Here’s What The Candidates Had To Say About The Billionaires And Their Responsibilities To Pay Taxes

elizabethwarren / juliancastrotx / Instagram

Democrats have officially wrapped their third round of Democratic debates. Last night, 12 candidates for the Democratic nomination went head to head on the debate stage in Ohio. The biggest topics of the night were President Trump’s sudden withdrawal of troops in Syria leaving the Kurds vulnerable to Turkey’s attacks and what to do with billionaires. There were some clear winners and losers from the debate. Here is your quick breakdown from the candidates trying to be the Democratic nominee for president.

Elizabeth Warren delivered a powerful message on the inequalities of the abortion debate.

“I think there are a number of options. I think as Mayor Buttigieg said, there are many different ways that people are talking about different options and I think we may have to talk about them,” Sen. Warren said when asked if she’d add justices to the Supreme Court to protect reproductive rights. “But, on Roe v. Wade, can we just pause for a minute here. I lived in an America where abortion was illegal and rich women still got abortions because they could travel. They could go to places where it was legal. What we’re talking about now, is that the people who are denied access to abortion are the poor, are the young, are 14-year-olds who were molested by a family member. We now have support across this country. Three out of 4 Americans believe in the rule of Roe v. Wade. When you’ve got three out of four Americans supporting it, we should be able to get that passed through Congress. We should not leave this up to the Supreme Court. We should do it through democracy because we can.”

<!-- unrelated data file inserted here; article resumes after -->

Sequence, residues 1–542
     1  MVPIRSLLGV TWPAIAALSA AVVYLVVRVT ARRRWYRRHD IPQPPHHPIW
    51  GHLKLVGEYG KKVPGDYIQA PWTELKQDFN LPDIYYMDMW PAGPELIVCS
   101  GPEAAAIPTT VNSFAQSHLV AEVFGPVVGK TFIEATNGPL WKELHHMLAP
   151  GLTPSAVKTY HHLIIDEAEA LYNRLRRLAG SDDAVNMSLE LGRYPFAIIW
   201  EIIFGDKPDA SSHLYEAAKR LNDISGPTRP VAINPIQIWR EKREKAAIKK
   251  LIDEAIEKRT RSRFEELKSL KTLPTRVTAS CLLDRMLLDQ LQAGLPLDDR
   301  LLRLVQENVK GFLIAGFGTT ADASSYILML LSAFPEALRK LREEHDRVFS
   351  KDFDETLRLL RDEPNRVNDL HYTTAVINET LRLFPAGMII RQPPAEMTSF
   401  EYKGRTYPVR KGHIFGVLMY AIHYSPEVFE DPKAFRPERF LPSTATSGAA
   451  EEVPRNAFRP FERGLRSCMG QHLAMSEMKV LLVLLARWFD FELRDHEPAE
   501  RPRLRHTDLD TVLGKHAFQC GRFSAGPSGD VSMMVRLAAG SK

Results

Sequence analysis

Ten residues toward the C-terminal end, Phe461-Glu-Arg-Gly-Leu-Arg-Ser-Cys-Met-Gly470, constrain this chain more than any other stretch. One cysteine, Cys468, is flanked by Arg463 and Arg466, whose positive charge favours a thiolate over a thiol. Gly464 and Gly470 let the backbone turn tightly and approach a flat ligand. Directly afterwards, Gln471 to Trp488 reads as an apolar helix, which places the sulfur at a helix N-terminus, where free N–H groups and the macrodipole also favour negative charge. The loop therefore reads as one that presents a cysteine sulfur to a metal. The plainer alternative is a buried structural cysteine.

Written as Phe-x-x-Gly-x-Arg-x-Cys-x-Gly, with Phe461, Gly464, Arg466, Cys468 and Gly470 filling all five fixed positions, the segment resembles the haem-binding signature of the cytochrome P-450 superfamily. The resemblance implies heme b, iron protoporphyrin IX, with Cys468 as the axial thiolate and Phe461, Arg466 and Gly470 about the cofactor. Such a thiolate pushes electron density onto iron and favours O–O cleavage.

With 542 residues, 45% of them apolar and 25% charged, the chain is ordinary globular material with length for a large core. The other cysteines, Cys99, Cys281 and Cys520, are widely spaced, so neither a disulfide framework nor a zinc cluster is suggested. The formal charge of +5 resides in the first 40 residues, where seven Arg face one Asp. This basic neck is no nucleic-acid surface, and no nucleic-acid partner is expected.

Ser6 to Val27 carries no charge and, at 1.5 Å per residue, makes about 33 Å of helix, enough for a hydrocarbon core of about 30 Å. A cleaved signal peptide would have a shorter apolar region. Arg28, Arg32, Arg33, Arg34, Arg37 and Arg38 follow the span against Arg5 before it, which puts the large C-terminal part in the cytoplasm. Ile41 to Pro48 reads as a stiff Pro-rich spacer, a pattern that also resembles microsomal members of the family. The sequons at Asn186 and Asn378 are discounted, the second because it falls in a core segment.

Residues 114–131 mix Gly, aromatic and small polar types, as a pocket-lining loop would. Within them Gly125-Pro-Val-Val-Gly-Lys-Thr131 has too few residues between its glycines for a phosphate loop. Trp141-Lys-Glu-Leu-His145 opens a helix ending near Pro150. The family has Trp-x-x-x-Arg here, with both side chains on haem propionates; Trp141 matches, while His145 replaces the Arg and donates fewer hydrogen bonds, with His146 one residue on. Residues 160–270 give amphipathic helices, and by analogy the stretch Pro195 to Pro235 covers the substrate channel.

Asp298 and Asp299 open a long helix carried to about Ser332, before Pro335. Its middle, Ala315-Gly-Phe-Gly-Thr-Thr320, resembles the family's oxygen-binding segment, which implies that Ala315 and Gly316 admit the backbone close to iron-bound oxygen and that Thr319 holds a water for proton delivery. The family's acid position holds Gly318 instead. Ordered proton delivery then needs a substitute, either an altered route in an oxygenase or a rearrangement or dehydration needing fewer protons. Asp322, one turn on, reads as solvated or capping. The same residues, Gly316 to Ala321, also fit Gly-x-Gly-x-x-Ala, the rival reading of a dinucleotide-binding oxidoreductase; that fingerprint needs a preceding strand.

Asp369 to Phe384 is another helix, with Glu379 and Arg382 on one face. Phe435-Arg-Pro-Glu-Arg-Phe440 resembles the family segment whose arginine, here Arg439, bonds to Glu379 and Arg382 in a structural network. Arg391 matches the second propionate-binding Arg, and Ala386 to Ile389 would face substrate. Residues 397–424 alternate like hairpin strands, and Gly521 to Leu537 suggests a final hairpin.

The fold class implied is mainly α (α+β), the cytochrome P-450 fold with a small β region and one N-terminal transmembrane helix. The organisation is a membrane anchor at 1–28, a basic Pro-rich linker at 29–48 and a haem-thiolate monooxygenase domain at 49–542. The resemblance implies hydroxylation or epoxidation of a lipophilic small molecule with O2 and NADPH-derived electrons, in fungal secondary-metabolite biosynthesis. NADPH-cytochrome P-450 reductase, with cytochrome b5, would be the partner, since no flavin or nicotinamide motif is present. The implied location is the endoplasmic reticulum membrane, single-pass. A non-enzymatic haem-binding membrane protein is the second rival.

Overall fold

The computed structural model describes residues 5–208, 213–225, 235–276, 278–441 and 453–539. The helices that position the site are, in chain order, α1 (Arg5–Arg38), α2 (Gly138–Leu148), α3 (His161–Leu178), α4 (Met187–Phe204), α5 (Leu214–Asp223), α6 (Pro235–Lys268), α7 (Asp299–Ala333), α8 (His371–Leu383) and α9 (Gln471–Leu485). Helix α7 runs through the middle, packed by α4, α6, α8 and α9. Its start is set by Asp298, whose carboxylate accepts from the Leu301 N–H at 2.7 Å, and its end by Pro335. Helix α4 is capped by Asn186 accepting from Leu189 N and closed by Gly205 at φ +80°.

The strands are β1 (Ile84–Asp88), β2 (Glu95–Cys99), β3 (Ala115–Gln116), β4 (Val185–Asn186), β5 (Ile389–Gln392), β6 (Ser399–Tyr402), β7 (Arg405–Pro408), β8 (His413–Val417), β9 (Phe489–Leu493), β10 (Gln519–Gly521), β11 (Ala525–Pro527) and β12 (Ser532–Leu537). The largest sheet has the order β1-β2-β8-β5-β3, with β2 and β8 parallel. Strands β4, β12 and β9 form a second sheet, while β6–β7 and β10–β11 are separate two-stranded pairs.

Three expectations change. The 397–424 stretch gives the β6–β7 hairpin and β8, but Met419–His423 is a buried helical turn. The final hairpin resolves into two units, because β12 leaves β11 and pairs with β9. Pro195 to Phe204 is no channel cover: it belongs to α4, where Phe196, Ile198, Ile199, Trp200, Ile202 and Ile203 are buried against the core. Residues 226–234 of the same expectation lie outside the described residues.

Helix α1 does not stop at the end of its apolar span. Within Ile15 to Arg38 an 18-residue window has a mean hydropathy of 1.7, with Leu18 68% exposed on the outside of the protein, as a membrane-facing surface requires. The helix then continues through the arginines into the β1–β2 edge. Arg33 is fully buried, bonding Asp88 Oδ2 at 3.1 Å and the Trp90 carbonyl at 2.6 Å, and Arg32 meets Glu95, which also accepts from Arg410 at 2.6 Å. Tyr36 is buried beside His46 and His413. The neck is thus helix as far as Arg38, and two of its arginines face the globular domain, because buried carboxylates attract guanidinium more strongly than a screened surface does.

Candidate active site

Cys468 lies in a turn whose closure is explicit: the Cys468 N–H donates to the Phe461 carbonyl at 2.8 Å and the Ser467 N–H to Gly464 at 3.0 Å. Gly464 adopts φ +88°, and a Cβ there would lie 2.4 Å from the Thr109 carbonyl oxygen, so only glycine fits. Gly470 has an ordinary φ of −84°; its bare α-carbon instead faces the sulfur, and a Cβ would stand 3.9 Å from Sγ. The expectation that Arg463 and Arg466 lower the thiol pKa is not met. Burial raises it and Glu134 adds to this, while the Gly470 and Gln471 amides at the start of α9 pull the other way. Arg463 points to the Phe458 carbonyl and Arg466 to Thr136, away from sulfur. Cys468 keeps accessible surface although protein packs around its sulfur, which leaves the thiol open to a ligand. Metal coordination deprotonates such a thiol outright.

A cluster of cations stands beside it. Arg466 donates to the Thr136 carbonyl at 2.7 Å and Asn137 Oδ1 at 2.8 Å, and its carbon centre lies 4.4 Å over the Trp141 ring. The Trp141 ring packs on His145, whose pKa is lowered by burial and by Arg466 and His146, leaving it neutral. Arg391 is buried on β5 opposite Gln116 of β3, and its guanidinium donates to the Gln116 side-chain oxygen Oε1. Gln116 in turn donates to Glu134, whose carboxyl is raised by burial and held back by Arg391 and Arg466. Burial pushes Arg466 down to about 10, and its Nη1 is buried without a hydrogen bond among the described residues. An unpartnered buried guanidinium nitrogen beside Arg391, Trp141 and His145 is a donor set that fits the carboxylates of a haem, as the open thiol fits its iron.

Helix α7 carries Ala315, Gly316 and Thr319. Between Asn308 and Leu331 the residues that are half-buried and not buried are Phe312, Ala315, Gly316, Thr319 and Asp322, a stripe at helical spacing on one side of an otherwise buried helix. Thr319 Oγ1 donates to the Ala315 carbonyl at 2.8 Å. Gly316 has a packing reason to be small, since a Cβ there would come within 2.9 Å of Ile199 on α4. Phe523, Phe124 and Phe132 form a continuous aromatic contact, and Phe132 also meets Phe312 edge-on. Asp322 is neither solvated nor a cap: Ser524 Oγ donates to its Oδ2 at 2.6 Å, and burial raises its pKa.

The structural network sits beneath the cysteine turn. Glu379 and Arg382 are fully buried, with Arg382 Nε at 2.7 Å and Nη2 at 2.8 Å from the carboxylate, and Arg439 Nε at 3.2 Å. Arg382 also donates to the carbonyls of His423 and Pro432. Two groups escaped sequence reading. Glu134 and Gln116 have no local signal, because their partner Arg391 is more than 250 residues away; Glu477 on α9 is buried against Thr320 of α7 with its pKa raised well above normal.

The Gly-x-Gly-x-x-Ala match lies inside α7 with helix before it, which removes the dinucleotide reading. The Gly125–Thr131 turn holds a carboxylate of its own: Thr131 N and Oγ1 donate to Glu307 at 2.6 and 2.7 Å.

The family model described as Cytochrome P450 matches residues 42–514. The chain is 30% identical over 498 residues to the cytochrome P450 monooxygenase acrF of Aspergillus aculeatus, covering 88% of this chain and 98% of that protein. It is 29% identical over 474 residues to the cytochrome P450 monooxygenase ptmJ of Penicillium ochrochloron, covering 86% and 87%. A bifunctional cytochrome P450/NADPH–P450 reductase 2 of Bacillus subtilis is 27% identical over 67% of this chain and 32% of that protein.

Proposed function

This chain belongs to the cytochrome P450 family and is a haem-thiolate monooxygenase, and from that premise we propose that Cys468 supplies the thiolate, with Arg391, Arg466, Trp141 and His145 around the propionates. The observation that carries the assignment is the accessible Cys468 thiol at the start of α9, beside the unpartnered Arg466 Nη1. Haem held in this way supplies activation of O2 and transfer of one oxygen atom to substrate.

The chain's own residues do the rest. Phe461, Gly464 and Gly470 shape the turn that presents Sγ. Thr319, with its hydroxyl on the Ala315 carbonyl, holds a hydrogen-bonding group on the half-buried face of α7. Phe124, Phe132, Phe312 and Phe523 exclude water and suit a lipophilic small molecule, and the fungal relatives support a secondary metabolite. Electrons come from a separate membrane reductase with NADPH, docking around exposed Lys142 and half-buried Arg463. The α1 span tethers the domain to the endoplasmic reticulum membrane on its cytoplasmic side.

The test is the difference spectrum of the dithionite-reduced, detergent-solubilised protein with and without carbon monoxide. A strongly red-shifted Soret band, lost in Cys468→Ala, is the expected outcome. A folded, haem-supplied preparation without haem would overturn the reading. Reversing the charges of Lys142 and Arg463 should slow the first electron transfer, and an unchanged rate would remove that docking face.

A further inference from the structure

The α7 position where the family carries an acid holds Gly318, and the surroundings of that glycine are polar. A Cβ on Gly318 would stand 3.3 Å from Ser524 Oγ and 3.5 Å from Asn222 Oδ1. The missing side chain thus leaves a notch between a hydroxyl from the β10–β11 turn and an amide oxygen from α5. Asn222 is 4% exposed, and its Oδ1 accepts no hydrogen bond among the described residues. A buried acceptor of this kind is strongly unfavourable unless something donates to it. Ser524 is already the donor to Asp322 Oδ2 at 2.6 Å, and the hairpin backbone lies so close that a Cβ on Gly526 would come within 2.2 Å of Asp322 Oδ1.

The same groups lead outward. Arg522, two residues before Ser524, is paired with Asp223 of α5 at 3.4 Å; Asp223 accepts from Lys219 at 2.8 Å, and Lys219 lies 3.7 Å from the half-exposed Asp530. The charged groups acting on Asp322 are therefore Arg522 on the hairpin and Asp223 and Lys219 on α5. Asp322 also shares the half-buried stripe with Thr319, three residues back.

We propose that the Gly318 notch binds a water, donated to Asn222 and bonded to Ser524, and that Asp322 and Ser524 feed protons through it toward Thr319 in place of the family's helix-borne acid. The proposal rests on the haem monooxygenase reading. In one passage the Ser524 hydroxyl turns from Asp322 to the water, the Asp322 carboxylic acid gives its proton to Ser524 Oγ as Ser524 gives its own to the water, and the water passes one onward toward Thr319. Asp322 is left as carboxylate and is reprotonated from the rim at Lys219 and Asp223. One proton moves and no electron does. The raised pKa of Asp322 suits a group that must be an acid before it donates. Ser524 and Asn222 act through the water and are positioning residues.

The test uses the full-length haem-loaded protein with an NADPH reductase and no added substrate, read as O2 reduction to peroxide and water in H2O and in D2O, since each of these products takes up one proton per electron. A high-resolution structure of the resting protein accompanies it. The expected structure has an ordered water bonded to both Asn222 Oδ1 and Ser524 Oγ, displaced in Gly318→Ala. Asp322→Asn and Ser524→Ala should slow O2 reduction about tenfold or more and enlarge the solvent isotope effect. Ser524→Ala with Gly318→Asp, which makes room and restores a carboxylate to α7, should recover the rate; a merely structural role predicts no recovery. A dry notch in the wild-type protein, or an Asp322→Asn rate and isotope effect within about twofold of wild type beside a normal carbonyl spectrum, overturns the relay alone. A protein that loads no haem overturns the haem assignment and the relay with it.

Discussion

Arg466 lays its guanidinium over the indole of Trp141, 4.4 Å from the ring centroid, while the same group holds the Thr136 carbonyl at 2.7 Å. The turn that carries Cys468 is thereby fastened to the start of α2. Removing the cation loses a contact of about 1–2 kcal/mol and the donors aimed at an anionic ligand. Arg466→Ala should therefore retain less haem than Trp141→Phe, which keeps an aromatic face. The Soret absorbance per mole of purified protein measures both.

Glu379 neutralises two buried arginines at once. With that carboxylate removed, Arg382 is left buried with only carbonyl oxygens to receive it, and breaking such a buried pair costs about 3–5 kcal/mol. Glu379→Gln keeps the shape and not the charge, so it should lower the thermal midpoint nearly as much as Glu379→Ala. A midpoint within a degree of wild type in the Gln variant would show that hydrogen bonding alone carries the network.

The U.S. has seen a series of laws passed on the state level aiming to limit access to abortion. The laws have attempted to shutter Planned Parenthood clinics, which offer many more services than abortions, and Alabama’s law sought to put physicians in prison for 99 years for performing abortions. Louisiana has a law that is being heard by the Supreme Court this session that could force all but one doctor in the state to stop performing abortions.

Julián Castro spoke out about increasing police brutality and deaths at the hands of law enforcement.